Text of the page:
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Fiction Writing for Techies: "A Startup Thriller"

ACT I: Early morning in San Francisco, an old Victorian converted into a startup house.

A STARTUP THRILLER (screenplay by Michael Yuen)GENRE: ThrillerLOGLINE: A startup invented a nano drone called the Dragonfly and trouble ensues.ACT I: Early morning in San Francisco, an old Victorian converted into a startup house. It was a madhouse. Engineers, designers, interns moving about, a VC dropped in to visit. Everyone was in except Kevin, the co-founder and back-end engineer who was always late.
Assassins entered the house and shot everyone in sight.
VC: I'm a partner at KP! Gun blasting! Kevin entered the house to find everyone dead with one shot to the head or chest. It was a professional hit.
Kevin pulled out a business card: Fred, partner at a VC firm. He called. Fred told him to come into the office. Kevin entered a large complex on Sand Hill Road. He spotted someone suspicious down the hall and started walking away. Gunmen opened fire on him, but missed. He drove away thinking out loud.
Kevin: What the hell is happening? Why are they killing us?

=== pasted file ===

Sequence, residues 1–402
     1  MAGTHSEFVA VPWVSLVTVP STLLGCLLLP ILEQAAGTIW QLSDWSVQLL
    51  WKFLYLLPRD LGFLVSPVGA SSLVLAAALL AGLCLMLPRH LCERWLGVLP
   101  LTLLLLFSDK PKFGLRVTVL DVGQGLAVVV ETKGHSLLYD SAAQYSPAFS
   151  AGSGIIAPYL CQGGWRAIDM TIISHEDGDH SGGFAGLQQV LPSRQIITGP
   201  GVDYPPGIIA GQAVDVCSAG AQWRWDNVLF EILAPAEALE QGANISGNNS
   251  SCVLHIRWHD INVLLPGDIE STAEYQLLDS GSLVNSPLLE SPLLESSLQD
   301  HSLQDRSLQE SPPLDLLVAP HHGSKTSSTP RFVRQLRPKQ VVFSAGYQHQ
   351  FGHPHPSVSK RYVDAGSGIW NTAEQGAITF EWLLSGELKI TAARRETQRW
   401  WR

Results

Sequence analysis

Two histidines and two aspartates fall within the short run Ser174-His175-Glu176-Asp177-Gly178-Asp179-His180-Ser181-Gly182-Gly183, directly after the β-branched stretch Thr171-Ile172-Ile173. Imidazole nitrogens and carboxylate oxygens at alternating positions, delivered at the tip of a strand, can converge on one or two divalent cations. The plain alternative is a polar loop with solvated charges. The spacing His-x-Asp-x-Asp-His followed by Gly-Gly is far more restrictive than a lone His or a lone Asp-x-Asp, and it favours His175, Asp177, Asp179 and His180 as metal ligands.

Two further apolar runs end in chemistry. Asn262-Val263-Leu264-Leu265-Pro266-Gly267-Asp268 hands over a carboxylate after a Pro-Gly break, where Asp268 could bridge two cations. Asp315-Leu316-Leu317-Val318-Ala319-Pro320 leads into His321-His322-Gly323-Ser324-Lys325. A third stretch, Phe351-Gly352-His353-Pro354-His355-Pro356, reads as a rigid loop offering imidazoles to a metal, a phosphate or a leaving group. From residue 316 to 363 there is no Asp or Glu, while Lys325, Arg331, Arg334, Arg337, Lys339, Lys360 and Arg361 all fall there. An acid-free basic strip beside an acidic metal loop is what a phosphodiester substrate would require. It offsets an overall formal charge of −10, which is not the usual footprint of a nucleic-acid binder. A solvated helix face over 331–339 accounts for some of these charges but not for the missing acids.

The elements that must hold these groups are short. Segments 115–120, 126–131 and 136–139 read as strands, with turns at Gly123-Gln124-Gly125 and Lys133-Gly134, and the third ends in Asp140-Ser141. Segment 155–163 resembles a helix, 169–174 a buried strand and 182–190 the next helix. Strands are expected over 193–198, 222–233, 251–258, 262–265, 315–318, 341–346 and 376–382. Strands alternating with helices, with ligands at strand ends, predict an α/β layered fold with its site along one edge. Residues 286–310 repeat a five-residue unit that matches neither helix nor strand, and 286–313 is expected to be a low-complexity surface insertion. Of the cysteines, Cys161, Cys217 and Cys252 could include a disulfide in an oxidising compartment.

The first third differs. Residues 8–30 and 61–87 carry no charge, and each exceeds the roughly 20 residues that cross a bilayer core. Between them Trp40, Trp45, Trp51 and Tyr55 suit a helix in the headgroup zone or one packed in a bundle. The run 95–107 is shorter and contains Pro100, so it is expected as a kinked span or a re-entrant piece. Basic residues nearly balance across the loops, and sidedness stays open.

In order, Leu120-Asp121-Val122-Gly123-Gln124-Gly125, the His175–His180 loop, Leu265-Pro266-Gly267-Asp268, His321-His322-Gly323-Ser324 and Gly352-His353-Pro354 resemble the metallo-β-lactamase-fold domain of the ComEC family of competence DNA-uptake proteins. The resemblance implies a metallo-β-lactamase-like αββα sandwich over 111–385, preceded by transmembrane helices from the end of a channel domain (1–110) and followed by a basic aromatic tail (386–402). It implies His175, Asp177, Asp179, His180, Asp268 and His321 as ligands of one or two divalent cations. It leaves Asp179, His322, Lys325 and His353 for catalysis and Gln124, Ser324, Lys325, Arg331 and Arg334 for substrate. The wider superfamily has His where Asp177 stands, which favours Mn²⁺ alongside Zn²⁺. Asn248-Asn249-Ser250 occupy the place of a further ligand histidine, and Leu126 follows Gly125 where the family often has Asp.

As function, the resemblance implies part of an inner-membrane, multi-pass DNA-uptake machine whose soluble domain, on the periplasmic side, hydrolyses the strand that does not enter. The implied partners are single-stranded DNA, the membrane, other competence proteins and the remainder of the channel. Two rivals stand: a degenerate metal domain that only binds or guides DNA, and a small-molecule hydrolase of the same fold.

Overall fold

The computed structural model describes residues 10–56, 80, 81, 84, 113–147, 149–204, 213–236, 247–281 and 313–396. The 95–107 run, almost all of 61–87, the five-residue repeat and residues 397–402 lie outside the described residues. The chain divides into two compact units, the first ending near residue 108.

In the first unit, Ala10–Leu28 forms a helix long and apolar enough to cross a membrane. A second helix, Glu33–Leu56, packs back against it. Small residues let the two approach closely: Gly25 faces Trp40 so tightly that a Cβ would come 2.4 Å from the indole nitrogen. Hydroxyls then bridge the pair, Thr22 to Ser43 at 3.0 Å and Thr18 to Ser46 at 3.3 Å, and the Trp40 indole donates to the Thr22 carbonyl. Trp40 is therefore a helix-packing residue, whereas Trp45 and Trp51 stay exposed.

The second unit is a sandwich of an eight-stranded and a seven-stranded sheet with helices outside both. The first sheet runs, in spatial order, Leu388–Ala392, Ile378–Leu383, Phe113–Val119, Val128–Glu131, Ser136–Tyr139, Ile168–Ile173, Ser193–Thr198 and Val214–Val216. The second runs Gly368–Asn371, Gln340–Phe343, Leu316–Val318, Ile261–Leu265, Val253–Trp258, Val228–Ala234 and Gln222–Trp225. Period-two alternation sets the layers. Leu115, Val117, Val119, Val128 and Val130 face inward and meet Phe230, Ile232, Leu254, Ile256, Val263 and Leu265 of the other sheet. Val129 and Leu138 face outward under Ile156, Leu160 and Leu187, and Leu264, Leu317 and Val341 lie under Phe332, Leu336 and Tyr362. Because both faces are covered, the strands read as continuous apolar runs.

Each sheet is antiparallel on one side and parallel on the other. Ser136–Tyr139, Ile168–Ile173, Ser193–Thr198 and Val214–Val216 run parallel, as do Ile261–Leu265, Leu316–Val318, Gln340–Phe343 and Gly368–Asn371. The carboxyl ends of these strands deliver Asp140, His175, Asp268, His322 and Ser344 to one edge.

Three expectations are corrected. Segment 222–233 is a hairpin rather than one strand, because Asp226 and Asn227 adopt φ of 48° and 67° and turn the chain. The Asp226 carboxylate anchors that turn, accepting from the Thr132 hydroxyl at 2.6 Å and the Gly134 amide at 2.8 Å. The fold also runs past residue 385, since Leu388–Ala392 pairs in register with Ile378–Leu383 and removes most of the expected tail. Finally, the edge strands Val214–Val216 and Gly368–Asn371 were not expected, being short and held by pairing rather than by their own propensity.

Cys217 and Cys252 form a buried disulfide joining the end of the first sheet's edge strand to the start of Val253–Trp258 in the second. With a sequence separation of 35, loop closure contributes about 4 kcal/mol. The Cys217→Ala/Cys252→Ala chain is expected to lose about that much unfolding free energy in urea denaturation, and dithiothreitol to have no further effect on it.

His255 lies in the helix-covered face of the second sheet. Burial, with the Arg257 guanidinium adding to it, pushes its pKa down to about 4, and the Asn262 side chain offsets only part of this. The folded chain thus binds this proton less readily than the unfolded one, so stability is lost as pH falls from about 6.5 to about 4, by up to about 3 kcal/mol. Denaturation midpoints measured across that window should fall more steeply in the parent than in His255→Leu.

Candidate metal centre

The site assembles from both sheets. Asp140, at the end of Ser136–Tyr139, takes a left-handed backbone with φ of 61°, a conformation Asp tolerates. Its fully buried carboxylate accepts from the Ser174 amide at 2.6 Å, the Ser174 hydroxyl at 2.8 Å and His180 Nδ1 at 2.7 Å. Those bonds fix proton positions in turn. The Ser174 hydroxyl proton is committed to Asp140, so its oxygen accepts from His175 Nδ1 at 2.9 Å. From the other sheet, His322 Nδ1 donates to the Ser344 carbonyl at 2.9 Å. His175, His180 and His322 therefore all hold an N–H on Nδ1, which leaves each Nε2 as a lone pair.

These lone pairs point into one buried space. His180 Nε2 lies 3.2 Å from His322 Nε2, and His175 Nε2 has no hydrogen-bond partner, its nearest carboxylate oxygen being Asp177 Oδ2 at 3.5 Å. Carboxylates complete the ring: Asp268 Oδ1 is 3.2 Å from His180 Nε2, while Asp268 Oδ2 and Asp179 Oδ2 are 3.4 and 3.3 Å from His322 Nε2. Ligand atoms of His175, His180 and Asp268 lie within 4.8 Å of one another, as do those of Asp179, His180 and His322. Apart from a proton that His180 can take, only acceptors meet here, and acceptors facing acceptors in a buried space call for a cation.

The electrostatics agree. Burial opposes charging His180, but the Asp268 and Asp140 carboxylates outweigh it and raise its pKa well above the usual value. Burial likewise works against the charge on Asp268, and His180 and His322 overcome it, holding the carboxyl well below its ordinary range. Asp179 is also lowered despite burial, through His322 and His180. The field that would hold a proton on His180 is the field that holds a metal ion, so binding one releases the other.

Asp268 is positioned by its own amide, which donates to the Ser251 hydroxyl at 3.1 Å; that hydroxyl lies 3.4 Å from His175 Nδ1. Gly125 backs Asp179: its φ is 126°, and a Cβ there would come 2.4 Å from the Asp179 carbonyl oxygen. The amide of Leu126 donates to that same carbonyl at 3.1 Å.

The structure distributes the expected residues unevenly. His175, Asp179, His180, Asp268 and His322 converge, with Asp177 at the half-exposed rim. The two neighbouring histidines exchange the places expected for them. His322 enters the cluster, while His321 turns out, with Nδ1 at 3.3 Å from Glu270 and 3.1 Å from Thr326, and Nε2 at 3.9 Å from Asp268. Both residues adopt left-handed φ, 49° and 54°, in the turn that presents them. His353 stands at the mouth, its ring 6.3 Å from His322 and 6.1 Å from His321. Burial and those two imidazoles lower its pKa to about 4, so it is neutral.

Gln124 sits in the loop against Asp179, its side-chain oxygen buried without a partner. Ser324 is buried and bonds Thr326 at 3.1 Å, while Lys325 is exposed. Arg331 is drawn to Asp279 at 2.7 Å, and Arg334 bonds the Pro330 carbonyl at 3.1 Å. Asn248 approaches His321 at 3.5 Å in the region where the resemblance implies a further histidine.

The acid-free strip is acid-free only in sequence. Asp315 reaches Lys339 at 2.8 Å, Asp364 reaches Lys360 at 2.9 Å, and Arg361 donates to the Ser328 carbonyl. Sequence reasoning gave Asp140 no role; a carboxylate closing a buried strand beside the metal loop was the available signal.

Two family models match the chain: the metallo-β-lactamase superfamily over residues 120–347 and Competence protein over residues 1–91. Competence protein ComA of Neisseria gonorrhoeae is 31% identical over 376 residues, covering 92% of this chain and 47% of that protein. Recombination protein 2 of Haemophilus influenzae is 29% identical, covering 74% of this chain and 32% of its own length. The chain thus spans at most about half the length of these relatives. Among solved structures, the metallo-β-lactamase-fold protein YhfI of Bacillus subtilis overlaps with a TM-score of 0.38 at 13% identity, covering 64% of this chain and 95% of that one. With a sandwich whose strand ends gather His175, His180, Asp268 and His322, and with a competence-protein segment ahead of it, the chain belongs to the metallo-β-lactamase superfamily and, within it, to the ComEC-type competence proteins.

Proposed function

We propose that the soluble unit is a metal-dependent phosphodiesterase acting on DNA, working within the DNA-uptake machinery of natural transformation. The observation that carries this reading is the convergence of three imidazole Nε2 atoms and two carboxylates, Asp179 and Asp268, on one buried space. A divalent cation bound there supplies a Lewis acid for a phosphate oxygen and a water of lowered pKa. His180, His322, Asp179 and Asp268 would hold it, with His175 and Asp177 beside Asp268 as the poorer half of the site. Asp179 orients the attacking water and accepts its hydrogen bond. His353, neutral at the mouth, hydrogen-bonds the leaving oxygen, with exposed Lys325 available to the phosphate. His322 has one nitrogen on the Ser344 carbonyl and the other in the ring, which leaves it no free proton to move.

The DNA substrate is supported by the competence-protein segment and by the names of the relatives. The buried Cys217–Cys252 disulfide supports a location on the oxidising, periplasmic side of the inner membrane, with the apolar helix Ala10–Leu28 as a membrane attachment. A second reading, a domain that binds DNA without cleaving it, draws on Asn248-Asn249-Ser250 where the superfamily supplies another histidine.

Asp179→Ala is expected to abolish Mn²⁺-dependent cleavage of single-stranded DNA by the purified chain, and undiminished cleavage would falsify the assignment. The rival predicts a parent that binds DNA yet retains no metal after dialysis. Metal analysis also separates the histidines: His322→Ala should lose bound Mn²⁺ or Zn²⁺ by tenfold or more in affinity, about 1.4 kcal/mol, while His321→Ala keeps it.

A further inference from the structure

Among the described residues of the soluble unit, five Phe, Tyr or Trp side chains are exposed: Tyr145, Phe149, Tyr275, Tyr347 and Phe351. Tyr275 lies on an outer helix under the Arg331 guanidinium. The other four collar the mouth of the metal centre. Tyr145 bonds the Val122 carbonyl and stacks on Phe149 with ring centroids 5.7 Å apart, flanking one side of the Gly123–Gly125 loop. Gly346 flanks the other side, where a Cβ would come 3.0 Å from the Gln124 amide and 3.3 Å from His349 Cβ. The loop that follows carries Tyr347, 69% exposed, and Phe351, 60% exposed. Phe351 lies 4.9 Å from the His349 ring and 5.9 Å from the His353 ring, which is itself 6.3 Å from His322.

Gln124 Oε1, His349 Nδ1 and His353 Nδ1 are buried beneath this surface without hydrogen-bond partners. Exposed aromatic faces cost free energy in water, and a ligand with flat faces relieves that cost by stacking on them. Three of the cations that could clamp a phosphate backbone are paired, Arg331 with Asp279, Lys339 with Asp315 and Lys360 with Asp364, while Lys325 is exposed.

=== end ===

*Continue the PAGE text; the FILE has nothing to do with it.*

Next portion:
Close-up on Kevin's face, digging deep into his own memory, remembering the founding of his startup ...
Six months earlier ...

At a recent workshop called “Fiction Writing Workshop for the Bay Area Tech Community,” Michael Yuen read his script draft aloud, while half a dozen other tech workers listened attentively. The setting: A small conference room of a co-working space in San Francisco’s SoMa district.

Before him, a young woman had read a story she’d written from the perspective of the Vietnamese developer who invented the successful cellphone game Flappy Bird. The other writers had liked how she’d played with the tension of “just wanting to build something cool” and “making lots of money.”

Workshop leader Donna Levin, wearing a colorful cocktail dress, said she founded the group after getting a little bored with coaching the usual memoir fare — and after realizing how interesting the stories coming out of tech workers were.

As Yuen read, Michael Bernick, another student in the seminar, suddenly interrupted: “Wait … wasn’t there a dead VC in a swimming pool in your last screenplay?”

Yuen, founder of by day and screenwriter by night, nodded: “I’ve been through a few startups.”

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